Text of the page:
PODCAST: The Neuropsychology of Art

January Podcast

In the second edition of The Beautiful Brain Podcast we examine the relationship between painting and mental illness and injury through interviews with Dr. Anjan Chatterjee of the University of Pennsylvania and internationally celebrated artist Katherine Sherwood, who suffered a massive stroke in 1997 but continued to paint following the stroke, switching to her left hand. We’re also excited to present an online gallery here at The Beautiful Brain featuring some of Katherine Sherwood’s paintings, which incorporate scientific imagery of her own brain, and some of her more recent works inspired by the drawings of the great Spanish neuroscientist Santiago Ramon y Cajal. Dr. Chatterjee is a leading researcher on the neuropsychology of art, examining the effects of mental illness and injury on art and using the art itself to form hypotheses about what happens in the brain during the creative process. Those interviews, the news, and a report on a recent synesthesia symposium in New York City all on this edition of The Beautiful Brain Podcast, hosted by Noah Hutton. Total runtime: 34’30

[podcast]http://thebeautifulbrain.com/podcast/beautifulbrainpodcast_jan10.mp3[/podcast]

Podcast on iTunes:

About the author

Noah Hutton

Noah Hutton is a film director and curator, and was named a 2015 Salzburg Global Fellow in Neuroscience and Art.

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6 Comments

  • Noah: Your question at the end, about the tendency of some of the art/nuero folks to extrapolate too much from the brain scans, was well-phrased and incisive. This area of study seems so new (and promising) that it’s easy for well-meaning scholars to find some sort of vague corresponding point between the art and the fMRI scans and assume conclusively that there is a direct, clean-cut, causal relationship between the two.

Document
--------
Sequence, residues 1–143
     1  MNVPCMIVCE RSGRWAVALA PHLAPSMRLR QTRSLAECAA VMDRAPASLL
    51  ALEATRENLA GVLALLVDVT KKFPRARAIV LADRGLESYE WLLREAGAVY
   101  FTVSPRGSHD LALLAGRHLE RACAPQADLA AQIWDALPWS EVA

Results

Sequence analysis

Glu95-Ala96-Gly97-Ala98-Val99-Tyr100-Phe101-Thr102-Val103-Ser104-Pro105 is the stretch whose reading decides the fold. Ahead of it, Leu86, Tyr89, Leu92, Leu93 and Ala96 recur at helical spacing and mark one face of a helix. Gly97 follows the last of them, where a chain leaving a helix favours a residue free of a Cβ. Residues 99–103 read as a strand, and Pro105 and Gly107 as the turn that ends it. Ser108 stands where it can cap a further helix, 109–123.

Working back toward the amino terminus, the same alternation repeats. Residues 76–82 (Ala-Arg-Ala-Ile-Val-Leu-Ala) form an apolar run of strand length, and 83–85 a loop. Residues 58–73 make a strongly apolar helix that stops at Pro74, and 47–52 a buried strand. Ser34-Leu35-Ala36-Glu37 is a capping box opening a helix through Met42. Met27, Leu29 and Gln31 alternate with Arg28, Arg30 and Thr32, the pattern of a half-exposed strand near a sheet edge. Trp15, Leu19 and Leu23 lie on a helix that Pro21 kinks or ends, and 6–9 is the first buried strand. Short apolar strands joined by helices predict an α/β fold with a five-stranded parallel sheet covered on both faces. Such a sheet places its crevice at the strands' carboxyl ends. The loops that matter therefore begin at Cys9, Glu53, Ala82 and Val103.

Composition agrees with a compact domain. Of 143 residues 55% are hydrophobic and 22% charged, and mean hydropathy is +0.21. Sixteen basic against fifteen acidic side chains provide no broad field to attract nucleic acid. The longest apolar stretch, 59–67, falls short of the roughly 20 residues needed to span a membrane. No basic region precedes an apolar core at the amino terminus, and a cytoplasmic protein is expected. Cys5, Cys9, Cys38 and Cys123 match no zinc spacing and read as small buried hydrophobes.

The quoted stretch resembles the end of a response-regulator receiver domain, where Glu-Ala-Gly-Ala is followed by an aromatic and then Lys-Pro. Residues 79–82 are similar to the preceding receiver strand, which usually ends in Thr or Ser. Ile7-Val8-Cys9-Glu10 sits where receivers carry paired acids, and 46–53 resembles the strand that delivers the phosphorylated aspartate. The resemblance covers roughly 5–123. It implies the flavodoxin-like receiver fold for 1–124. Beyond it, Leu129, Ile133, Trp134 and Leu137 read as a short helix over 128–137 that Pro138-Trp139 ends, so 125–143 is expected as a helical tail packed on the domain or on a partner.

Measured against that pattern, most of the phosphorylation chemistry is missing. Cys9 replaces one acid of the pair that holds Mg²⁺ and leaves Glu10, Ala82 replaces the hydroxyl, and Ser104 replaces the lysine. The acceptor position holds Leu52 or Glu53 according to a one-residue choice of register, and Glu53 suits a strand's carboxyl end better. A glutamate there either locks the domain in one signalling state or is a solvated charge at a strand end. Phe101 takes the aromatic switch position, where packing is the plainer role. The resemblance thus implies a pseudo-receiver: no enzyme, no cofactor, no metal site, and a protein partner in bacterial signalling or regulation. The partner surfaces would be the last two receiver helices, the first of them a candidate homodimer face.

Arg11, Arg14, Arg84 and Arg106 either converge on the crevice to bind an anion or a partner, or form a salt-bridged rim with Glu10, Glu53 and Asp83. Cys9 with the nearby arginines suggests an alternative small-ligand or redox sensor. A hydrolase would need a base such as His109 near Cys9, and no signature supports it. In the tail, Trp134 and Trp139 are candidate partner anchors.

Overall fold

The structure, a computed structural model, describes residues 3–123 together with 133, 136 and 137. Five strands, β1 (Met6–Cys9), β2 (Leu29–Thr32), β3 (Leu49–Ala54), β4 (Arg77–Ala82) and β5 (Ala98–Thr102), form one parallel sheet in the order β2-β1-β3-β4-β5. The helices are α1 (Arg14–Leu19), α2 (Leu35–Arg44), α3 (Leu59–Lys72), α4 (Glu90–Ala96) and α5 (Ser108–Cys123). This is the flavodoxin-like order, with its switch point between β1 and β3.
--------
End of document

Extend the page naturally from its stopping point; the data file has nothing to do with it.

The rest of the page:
Also, I thought that the editing in this podcast edition was excellent. It had a good story flow to it.

  • Enjoyed listening to the podcast. Itunes was a great idea, I can listen in the car and come here to comment. My mother has short term memory loss, but while she paints, she seems more lucent. Connection?

  • I blog quite often and I truly thank you for your content.
    The article has truly peaked my interest. I will take a note of your blog and keep checking
    for new details about once a week. I subscribed to your RSS feed as well.

  • I have a grand-daughter with selective mutism who is 16. Her greatest strength is her artwork. It is primitive often and very geometric, color combinations are stunning. Very interesting podcast for someone in the field of counseling and treating trauma.

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